Tuesday, 4 November 2014

Need to get In App Billing working for Android Lollipop?

Android 5.0, or 'L' requires explicit intents.

It appears that the bind service call fails on Lollipop because of an implicit intent being used instead of an explicit intent. I am not a Java developer, so this all sounded like voodoo to me. I looked about for ways to find explicit intents, found stuff about ResolveInfo, PackageManager, even found this nice website explaining what was wrong (but not literally how to fix it) Dealing with L Deprecations: bindService()

After a bit of hacking around, I finally found enough info in one of the stack overflow answers and implemented the final fix.

I feel like I hunted for quite some time before even knowing how to find out exactly what I needed to do to modify the google example code so that it worked. Here is literally how I have modified LicenseChecker.java in order to make it work in my project:

Saturday, 30 August 2014

Power/Order/Index - an intuitive approach

I think maybe I'm doing this just so I can have something to point people at when they are wrong on the internet... but still, some of you might find it useful to have a different perspective when you're messing around with powers. It's not rigorous, because I've forgotten how to write out proper deductions.

1) 2^2 = 2*2 = 4
2) 2^3 = 2*2*2 = 8
3) 2^4 = 2*2*2*2 = 16

4) 2^2 * 2 = 2*2*2 = 8
5) 2^3 / 2 = 2*2*2 / 2 = 4

sub (1) into (5)

6) 2^3 / 2 = 2^2
7) 2^3 / 2 = 2^(3-1)
8) 2^x / 2 = 2^(x-1)

sub 2 into x in (8)

9) 2^2 / 2 = 2^1
10) 2^2 / 2 = 2*2 / 2 = 2
10) 2^1 = 2

sub 1 into x in (8)

11) 2^1 / 2 = 2^0
12) 2^1 / 2 = 2 / 2 = 1
13) 2^0 = 1

sub 0 into x in (8)

14) 2^0 / 2 = 2^-1
15) 2^0 / 2 = 1 / 2
16) 2^-1 = 1 / 2

thus we see the reason why reciprocal (1/n) is also called ^-1

and now fractions:

17) 2^2 = 2 * 2 = 2^1 * 2^1 = 2^2 * 2^0
18) 2^(2-x) * 2^x = 2^2
19) 2^(n-x) * 2^x = 2^n

sub 1 for n in (19)

20) 2^(1-x) * 2^x = 2^1

sub 1/2 for x in (20)

21) 2^(1/2) * 2^(1/2) = 2^1

which explains why the square root is called ^(1/2)

for any positive value (a), (a^(1/2))^2 = (a)

to specify the cube root x of a (x*x*x = a) we need to divide the power into three (x = a^(1/3))

to specify the change in pitch of a semi tone, we know that the pitch doubles per octave, and that there are 12 notes in every octave, that's pitchchange = 2^(1/12)

If you have a game and you want something to increase in power, then you specify how much you want it to be finally at, and use power of 1 over the number of steps to get there to do it smoothly.

price of base thing (b) goes to price of super expensive (x), over four steps
price (step) = b * (x/b) ^ ((1/4) * step)
price (0) = b * (x/b) ^ ((1/4)*0) = b * (x/b) ^ 0 = b * 1
price (4) = b * (x/b) ^ ((1/4)*4) = b * (x/b) ^ 1 = b * (x/b) = x
price (2) = b * (x/b) ^ ((1/4)*2) = b * (x/b) ^ (1/2) = b * sqrt(x/b)

Monday, 9 December 2013

Looping back and forth, unsigned ranges.

I just saw this post about unsigned loop problems on Eli Blendersky's blog:


In it he tells a tale of woe with unsigned values not being easy to test when doing negative for loops, but one trick that I've used numerous times for checking ranges applies here too. I've marked the changes.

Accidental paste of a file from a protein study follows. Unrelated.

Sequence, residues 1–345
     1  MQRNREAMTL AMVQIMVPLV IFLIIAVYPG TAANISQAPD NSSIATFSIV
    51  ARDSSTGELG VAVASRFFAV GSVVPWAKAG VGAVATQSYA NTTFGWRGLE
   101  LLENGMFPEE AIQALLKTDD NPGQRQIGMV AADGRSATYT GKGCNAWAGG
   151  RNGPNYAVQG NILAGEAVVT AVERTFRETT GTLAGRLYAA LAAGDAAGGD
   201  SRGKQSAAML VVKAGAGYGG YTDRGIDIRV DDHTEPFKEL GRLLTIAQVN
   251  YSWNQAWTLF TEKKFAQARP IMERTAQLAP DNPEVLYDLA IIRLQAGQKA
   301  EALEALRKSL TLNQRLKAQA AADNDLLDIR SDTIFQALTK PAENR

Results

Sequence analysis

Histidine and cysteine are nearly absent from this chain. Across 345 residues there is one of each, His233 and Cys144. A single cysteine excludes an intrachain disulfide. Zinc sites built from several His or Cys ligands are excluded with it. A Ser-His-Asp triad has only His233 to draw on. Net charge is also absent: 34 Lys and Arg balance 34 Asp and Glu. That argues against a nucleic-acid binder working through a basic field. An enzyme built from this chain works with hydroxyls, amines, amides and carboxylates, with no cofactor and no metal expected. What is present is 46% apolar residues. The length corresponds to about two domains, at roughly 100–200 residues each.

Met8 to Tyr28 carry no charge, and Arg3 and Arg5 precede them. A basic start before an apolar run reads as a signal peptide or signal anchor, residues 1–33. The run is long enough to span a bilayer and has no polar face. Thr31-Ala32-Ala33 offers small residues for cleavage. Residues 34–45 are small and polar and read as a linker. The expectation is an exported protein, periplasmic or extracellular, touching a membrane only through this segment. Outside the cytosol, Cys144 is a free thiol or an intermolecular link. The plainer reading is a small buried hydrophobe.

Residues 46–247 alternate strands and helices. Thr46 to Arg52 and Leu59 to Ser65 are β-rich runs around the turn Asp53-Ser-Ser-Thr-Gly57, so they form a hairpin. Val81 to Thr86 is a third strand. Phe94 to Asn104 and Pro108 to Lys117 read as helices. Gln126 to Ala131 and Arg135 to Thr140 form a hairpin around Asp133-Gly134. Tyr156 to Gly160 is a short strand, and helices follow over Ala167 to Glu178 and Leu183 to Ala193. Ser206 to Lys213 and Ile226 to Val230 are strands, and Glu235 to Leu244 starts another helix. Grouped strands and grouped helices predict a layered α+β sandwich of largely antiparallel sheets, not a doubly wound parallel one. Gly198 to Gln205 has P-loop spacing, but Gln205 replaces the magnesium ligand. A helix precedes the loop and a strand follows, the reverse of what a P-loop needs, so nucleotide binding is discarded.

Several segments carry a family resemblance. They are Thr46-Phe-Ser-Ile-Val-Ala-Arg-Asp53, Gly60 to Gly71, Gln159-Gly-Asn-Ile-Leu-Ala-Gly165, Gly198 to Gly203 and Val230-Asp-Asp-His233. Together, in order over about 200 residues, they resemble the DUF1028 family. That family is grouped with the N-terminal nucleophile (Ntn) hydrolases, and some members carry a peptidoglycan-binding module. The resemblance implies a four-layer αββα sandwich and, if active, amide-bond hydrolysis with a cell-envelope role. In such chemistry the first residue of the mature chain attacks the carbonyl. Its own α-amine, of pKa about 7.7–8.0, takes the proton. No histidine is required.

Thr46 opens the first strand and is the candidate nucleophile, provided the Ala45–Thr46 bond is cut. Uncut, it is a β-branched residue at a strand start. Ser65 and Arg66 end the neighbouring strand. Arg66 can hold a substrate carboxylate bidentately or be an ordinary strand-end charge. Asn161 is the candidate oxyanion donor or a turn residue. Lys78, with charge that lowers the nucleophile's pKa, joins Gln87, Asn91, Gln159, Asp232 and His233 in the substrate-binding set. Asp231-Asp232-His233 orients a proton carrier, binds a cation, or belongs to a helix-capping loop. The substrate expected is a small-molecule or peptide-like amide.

Positive loop:
for (size_t i = 0; i < SIZE; ++i)

Negative loop:
for (size_t i = SIZE-1; i < SIZE; --i)

What? Ah, unsigned types are unsigned, so -1 is really big. Cool. Go use this in your code. Ranges are handled the same way:

if ( (unsigned_value-RANGE_MIN) < (RANGE_MAX-RANGE_MIN) )

Wednesday, 4 December 2013

A Primer in Compressing things.

Encoding into bits

If you want to store a number in a computer, it has to be stored as a sequence of bits. These bits can be used to represent large numbers, but the number space represented by whole number counts of bits is always a power of two.

  • 1 bit = 2 options, or a range of 2 values = 2^1
  • 2 bits = 4 options, or a range of 4 values = 2^2
  • 3 bits = 8 options, or a range of 8 values = 2^3
  • 10 bit = 1024 options, or a range of 1024 values = 2^10

As long as you can fit your value in under the number of options, you can encode it in that many bits. You can encode numbers from zero up to 1023 in 10 bits as it is under 1024.

For example :

  • to store a 7 or a 4, you could use 3 bits (b111 and b100) as 7 and 4 are both under 8.
  • to store a 10, you could use 4 bits (b1010), as 10 is under 16 (2^4=16)

Using your knowledge

You don't have to store your numbers starting at zero. As long as you know the minimum and maximum possible, you can shift the options into your needed range.

For example, I know that the number of legs on any table I own is always three or four. That's only two options, so I can store it in 1 bit. I store the number of legs as 3+(encoded bit)

  • for 3 legs, encode a 0
  • for 4 legs, encode a 1
I know that the valid temperature range on a piece of equipment ranges from 45 to 55 degrees, so I can encode it as a range of 11 (so, really 16 as that's the smallest power of two above 11), so I encode the data at 45+encoded value
  • for 45 degrees, encode a 0 (b0000)
  • for 50 degrees, encode a 5 (b0101)
  • for 55 degrees, encode a 10 (b1010)

Wasting space

What's noticable from the temperature example is that the values 12-15 are never used. We're wasting potentially usable bits, except they aren't whole bits, so there is no obvious way of using them. How many options can you store in half a bit?